The Riese Brothers
A True Story of New York
If you’re looking for a true New York story, the Riese story is it. The saga begins in a tiny deli in Harlem in the 1920s, where Murray and Irving Riese, the sons of Samuel and Minnie Riese, recently immigrated Russian Jews, sold Russian delicacies and sundries. By the time the Riese family settled at 5th Avenue and 124th street, the Russian community in Harlem had already started to dwindle. The father, once a furrier in Russia and now a grocer, soon found himself raising a family in extremely tough surroundings. As an already slow business began a steady drop off, the Riese family found itself on home relief — the Jazz Age precursor of welfare.
Not long after the sons were old enough to help out around the store, the shop went out of business during the height of the Great Depression. The older Irving managed to graduate from DeWitt Clinton High School, but Murray dropped out of ninth grade to take on three jobs a week.
A Classic Climb From Poverty
By 1940, the pair managed to pool their resources and bought Paul’s Luncheonette, a run down deli on 40th street between 5th and Madison. They made the $10,000 purchase with just $400 in cash. At Paul’s they worked 18 hour days, six days a week. Irving was 21 years old, and Murray 18.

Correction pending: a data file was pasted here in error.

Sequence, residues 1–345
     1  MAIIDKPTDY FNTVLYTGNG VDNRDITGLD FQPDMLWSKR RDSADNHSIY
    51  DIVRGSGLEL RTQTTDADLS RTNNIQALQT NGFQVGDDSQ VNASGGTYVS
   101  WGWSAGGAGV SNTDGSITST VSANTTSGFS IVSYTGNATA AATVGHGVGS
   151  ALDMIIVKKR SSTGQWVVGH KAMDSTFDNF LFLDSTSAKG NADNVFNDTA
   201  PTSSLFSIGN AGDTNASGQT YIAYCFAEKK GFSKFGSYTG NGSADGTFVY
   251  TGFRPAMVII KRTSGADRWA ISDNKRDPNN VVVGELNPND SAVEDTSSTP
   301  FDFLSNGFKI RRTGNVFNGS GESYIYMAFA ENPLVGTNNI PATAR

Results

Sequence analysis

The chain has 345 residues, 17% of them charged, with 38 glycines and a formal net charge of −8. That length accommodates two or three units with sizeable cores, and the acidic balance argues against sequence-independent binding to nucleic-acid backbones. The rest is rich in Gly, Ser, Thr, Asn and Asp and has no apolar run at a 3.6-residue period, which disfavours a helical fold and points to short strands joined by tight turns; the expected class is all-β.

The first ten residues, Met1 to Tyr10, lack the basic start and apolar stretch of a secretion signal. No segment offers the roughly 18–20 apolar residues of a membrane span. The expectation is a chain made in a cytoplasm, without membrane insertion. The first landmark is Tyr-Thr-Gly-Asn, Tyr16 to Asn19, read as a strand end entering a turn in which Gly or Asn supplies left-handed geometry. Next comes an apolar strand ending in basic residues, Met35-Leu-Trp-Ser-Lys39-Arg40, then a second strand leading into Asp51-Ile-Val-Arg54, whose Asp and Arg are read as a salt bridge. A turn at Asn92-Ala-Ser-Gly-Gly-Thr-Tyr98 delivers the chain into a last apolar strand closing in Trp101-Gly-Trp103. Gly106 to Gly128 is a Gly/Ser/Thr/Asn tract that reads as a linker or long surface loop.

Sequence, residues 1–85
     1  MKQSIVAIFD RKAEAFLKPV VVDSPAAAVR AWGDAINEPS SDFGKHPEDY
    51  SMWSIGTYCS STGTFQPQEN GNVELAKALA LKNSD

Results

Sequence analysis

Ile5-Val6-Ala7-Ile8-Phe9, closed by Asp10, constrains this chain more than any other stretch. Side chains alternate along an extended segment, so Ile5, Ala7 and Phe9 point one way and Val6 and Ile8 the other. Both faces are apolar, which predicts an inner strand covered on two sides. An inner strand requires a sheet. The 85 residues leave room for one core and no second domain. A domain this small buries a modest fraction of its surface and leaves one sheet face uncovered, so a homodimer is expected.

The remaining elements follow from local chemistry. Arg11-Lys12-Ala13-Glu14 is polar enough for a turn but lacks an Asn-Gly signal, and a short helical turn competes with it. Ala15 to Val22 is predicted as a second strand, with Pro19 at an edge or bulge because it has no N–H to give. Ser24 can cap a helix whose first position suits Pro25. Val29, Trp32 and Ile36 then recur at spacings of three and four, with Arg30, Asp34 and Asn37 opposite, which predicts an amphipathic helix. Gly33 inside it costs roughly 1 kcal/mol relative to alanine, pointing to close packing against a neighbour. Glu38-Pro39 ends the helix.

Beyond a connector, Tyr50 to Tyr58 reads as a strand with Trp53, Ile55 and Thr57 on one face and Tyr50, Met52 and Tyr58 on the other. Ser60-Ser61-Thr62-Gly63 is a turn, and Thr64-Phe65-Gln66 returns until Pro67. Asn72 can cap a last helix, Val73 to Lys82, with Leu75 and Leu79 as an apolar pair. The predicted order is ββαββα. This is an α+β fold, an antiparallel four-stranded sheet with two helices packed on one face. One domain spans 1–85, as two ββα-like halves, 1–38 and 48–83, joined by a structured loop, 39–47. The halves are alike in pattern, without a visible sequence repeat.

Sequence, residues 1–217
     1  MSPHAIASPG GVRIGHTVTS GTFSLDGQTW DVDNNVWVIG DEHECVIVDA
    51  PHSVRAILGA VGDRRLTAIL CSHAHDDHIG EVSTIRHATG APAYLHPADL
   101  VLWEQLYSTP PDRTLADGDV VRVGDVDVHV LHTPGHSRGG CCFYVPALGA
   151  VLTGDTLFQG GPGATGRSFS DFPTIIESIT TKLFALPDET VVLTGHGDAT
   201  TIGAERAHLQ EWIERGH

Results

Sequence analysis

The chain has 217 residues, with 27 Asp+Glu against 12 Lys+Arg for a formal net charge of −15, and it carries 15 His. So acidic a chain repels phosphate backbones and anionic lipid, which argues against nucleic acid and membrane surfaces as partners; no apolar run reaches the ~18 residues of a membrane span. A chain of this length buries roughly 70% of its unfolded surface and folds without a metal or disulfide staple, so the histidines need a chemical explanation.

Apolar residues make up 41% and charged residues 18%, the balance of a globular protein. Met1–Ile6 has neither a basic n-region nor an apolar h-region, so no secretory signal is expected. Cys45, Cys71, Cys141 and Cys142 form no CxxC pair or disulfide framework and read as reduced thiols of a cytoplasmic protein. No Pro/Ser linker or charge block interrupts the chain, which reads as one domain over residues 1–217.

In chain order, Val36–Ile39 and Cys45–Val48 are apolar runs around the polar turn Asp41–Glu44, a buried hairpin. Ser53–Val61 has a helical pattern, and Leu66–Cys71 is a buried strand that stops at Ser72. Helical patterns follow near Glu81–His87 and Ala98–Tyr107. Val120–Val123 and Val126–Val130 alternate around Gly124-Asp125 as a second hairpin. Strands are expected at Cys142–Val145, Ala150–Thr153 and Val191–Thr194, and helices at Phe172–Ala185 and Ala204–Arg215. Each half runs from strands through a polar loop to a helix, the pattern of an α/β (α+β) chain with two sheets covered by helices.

They poured their lives into the store, delivering sandwiches while repairing the shop and making it presentable. After two years of this, the little establishment caught the eye of a real estate broker, who announced he had a buyer. The pair ended up selling the store for $35,000. More importantly, a lesson was learned. It’s a lot more profitable to sell a store that sells a sandwich than to sell the sandwich itself.
For the next ten years, the pair found themselves buying luncheonettes, coffee shops, Mediterranean restaurants, Italian restaurants, Chinese restaurants — whatever they could find. Once they owned them, they quickly fixed them up and sold them. They learned not to be married to one type of restaurant or food store, or to any one particular location. They had become buyers and sellers instead of sandwich makers.
By the 1950s, they had sold hundreds of restaurants and food shops. The brothers earned a reputation as tenacious lease negotiators and tough landlords — a reputation they would carry with them the rest of their lives. In the 1950s, both Murray and Irving, now married with children, moved to the suburbs, which to them was Flushing, Queens. In 1953, the IRS ruled that for tax purposes, the pair were really broker-dealers, and not restaurateurs. That meant that they would have to hold onto their restaurants for three years to gain advantage of the capital gains laws governing buying and selling — as opposed to six months.